MLB Details Slight Changes to Make Baseballs More Uniform, Less Bouncy

An internal memo sent by Major League Baseball to general managers, assistant general managers, and equipment managers that was subsequently obtained by The Athletic outlines plans to make baseballs more uniform in 2021 and beyond. Rawlings — MLB’s official ball supplier, which is also conveniently owned by the league — found that “loosen[ing] the tension of the first wool winding” reduced the weight of the ball by less than one-tenth of an ounce and better centered it in the established coefficient of restitution range.

Um, yeah, what?

That COR range, currently set from .530 to .570, establishes the acceptable “relationship of the incoming speed to the outgoing speed” of the ball. A higher COR means a little more “bounce” off the bat, which means harder hits and more homers. It follows, then, even a slightly deadened ball would result in less offense.

Then again, the ball is also getting slightly smaller. Even something as seemingly minuscule as one-tenth of an ounce could mean less drag on the ball, which could counter the decreased trampoline effect. The Korean Baseball Organization made changes to reduce the COR of their balls but also increased the weight by one gram, resulting in a sharp decrease in home runs.

Per The Athletic, MLB’s memo included a footnote stating that the new balls resulted in one to two feet of decreased distance on fly balls hit over 375 feet. That could be a big deal when you’re talking about a ball clearing the fence in the alley versus finding a home in an outfielder’s glove.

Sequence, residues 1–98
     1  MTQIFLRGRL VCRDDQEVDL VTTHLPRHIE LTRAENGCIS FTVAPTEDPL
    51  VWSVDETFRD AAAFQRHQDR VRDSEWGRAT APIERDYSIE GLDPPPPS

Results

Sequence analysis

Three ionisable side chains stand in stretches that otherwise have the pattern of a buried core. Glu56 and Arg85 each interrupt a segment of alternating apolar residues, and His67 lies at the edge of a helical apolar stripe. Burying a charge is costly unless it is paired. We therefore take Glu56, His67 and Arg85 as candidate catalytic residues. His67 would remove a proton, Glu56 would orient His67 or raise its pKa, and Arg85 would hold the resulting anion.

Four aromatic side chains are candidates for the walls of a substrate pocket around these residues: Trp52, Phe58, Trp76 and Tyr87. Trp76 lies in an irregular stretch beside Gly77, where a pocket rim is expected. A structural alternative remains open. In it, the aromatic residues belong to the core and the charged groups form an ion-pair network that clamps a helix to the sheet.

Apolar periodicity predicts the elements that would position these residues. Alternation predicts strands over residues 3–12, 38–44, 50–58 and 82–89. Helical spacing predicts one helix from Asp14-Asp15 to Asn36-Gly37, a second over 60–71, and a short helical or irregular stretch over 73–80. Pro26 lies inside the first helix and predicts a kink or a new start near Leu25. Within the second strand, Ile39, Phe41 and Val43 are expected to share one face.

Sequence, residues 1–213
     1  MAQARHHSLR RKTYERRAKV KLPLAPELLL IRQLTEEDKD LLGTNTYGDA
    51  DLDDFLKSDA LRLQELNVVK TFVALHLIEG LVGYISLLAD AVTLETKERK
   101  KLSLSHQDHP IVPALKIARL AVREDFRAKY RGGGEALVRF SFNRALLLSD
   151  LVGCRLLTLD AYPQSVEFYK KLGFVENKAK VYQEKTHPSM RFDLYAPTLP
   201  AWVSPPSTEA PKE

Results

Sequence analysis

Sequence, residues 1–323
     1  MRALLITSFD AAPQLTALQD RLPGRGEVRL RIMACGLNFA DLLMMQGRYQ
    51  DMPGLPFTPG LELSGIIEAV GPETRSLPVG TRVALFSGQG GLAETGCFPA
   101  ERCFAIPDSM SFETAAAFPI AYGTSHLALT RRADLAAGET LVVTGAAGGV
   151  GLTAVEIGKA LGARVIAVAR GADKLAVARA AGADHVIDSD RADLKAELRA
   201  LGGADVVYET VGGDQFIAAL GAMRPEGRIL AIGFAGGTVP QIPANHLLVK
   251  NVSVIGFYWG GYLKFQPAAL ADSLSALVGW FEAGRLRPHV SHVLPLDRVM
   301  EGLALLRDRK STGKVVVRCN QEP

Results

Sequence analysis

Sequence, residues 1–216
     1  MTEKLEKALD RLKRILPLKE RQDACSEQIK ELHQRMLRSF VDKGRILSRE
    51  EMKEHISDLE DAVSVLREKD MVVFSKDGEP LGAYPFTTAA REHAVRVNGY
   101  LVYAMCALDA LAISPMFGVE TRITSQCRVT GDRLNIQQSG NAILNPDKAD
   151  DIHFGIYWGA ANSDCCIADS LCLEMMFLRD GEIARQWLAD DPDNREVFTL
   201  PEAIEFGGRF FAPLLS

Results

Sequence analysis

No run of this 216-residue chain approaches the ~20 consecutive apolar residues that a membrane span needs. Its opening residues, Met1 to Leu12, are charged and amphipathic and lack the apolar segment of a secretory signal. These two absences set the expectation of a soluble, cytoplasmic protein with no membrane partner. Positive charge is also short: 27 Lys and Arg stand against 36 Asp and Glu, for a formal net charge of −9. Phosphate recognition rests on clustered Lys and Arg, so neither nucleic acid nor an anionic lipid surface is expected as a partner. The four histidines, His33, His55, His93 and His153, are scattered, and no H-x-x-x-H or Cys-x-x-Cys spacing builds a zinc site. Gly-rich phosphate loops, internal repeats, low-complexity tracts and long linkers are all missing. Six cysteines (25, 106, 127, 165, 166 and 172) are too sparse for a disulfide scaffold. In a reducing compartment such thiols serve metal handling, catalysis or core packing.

It’s also pointed out that five more unidentified teams will begin using humidors this season, bring the total to 10 teams across MLB. That practice first came into vogue in Denver as a way to counteract the thin air, but the Mariners, Mets, Red Sox, and Diamondbacks also use humidors. These tiny alterations to the makeup and storage of baseballs could end up having a big impact.

Or they might not have any discernible effect whatsoever. The simple fact is that no one will know for certain whether and how the new balls will change the game until they’re put into play. I guess we’ll just have to wait and see.

Ed. note: As a callback those of you perpetually online friends might recall, I imagine this starting with Rob Manfred going to Rawlings with a mandate to “Rebuild my balls.”

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